An image of the target can then be passed to an image analysis component 16. It will be appreciated that the image analysis component 16, and its constituent components 18, 20, and 22, can be implemented as dedicated hardware, a computer software program implemented on a general purpose program, or some combination of the two. An ensquared energy computation component 18 determines an associated ensquared energy (ESE) for each virtual pixel containing a point source. A pixel having the largest ensquared energy can be selected to provide a minimum ensquared energy for the system. Comparing the ensquared energies with the pattern in which the point sources are arranged, a maximum offset of the point source from the actual pixel center can be determined. This offset, along with an estimate of the point spread function of the sensor optics (e.g., as a Gaussian function), can be utilized to calculate a maximum ensquared energy for the sensor. The ratio of the two values provides an indication of the maximum expected error for the ensquared energy of the selected pixel.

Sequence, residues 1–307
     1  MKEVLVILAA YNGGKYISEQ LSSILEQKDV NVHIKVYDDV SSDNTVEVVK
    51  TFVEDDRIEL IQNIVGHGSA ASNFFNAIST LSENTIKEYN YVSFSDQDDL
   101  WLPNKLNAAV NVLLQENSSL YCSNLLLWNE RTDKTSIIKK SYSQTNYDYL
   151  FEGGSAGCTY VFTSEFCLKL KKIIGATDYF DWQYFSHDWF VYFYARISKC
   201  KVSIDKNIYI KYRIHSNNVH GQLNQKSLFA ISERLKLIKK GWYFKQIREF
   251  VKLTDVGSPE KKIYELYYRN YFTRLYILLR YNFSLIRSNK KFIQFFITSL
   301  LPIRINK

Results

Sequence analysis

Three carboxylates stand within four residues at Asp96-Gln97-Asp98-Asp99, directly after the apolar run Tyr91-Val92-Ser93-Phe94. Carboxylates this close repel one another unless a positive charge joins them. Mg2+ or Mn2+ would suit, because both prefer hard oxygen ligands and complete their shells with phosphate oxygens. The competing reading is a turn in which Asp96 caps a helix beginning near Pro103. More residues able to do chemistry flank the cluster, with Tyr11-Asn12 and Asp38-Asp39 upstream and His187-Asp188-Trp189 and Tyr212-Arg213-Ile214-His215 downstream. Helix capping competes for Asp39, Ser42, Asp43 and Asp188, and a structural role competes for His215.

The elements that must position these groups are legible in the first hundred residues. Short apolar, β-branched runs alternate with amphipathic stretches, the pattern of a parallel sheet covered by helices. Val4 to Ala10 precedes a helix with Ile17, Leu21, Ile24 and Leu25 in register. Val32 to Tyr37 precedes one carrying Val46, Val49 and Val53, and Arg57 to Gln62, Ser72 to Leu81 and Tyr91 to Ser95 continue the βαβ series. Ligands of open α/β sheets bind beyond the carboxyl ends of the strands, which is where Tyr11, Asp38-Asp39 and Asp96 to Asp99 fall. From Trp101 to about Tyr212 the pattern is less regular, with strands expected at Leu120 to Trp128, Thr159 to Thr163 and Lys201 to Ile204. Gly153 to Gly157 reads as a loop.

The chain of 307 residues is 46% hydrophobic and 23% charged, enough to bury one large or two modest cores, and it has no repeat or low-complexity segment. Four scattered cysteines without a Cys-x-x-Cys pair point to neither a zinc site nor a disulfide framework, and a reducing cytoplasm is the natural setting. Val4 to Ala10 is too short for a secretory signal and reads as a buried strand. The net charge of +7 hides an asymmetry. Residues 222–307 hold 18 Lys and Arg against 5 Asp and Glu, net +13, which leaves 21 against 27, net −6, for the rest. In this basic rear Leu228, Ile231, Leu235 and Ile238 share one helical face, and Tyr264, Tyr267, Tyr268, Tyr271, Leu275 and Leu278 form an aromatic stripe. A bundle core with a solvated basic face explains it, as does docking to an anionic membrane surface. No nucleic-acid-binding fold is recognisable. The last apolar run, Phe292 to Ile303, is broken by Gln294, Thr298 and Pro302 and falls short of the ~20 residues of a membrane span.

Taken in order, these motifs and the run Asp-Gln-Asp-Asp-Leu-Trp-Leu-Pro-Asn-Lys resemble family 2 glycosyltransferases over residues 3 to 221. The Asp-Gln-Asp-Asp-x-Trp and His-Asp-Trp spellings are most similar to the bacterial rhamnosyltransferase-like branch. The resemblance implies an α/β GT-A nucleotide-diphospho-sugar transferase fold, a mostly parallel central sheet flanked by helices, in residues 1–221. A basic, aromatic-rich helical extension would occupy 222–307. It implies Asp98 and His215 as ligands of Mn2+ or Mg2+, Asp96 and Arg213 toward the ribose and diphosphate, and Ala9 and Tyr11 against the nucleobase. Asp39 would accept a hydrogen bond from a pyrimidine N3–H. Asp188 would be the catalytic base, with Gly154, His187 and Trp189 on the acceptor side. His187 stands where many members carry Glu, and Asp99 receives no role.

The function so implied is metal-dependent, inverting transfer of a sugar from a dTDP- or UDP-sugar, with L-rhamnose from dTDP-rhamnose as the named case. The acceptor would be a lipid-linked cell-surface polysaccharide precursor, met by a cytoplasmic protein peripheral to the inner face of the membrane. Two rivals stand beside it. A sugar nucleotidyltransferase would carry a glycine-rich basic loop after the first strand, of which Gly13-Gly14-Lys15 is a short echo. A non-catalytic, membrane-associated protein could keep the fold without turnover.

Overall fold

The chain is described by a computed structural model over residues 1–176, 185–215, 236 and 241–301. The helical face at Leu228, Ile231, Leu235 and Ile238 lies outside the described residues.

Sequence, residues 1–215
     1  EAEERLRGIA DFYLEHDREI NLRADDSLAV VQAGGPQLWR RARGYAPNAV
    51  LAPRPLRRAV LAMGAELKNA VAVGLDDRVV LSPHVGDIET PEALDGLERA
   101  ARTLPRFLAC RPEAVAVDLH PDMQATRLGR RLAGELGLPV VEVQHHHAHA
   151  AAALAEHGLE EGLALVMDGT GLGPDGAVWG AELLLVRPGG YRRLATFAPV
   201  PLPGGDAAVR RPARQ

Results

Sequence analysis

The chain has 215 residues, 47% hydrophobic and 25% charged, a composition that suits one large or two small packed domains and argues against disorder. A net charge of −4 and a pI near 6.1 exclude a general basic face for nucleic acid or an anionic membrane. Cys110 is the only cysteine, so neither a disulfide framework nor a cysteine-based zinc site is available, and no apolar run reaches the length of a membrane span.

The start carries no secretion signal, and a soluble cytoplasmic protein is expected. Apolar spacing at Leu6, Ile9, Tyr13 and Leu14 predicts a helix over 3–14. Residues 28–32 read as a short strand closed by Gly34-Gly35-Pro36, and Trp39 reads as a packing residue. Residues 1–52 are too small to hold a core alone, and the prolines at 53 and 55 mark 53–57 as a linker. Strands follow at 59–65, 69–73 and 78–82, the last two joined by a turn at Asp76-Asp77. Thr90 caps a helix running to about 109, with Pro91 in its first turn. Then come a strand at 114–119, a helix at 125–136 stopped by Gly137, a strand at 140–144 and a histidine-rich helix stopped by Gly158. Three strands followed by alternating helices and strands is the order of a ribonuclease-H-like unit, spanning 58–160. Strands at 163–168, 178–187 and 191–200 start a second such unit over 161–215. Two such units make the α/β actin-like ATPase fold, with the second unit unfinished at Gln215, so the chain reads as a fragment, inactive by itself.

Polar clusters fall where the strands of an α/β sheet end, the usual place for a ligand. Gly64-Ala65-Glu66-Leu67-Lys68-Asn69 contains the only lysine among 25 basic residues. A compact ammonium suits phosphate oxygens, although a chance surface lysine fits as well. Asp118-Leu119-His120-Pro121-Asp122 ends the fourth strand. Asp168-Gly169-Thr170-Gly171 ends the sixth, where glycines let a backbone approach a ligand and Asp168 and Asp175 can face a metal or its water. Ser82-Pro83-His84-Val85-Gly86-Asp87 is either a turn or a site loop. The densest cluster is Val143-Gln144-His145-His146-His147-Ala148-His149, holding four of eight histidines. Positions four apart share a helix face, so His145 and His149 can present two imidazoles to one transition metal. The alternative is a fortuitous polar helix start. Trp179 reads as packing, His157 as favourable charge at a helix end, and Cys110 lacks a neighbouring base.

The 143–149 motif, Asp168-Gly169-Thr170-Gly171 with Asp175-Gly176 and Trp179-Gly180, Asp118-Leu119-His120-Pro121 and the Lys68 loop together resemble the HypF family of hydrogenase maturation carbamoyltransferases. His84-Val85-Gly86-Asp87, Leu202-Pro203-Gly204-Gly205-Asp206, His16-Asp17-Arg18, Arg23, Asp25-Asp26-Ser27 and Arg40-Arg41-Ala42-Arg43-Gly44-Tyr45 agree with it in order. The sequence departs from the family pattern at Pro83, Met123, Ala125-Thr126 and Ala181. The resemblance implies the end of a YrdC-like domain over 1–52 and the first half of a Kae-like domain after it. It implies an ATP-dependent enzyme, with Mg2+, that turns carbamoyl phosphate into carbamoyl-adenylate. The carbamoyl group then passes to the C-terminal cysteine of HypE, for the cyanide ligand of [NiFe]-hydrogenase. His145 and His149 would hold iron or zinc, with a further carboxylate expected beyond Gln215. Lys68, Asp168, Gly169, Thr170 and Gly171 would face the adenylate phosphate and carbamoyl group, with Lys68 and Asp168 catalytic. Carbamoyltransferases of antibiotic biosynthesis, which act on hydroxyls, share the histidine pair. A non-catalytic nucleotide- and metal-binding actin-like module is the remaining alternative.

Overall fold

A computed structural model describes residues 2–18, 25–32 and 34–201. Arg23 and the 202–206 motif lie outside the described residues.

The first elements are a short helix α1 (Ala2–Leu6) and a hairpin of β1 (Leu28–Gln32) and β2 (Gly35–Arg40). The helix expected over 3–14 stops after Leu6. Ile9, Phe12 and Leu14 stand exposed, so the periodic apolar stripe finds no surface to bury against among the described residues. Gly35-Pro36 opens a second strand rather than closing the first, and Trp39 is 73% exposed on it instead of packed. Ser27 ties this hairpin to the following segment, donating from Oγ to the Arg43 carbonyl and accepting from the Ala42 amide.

In an exemplary implementation, a better estimation can be achieved by estimating the actual position of the pixel relative to the selected point source. The determined ensquared energy values are then passed to a centroid estimation component 20 that estimates the center of an actual pixel on the image array relative to the center of the virtual pixel. It will be appreciated that the ensquared energy associated with a given virtual pixel will vary according to the offset of the point source from the center of the actual pixel. Accordingly, by identifying the virtual pixels having the largest ensquared energy, the point source positions. For example, by looking at the relative values of the ensquared energies associated with the known point source locations as well as the expected point spread function for the sensor optics, it is possible to estimate the location of the actual pixel center.